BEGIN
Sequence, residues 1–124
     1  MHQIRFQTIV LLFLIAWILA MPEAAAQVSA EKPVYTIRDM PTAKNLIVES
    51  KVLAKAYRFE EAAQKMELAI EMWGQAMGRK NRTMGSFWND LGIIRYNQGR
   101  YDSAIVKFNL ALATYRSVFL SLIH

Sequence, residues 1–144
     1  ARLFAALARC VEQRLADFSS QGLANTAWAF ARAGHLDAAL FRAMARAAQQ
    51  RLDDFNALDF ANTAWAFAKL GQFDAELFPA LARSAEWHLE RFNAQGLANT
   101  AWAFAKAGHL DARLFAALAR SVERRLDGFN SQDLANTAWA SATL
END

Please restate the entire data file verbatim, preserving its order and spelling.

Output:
Sequence, residues 1–124
     1  MHQIRFQTIV LLFLIAWILA MPEAAAQVSA EKPVYTIRDM PTAKNLIVES
    51  KVLAKAYRFE EAAQKMELAI EMWGQAMGRK NRTMGSFWND LGIIRYNQGR
   101  YDSAIVKFNL ALATYRSVFL SLIH

Sequence, residues 1–144
     1  ARLFAALARC VEQRLADFSS QGLANTAWAF ARAGHLDAAL FRAMARAAQQ
    51  RLDDFNALDF ANTAWAFAKL GQFDAELFPA LARSAEWHLE RFNAQGLANT
   101  AWAFAKAGHL DARLFAALAR SVERRLDGFN SQDLANTAWA SATL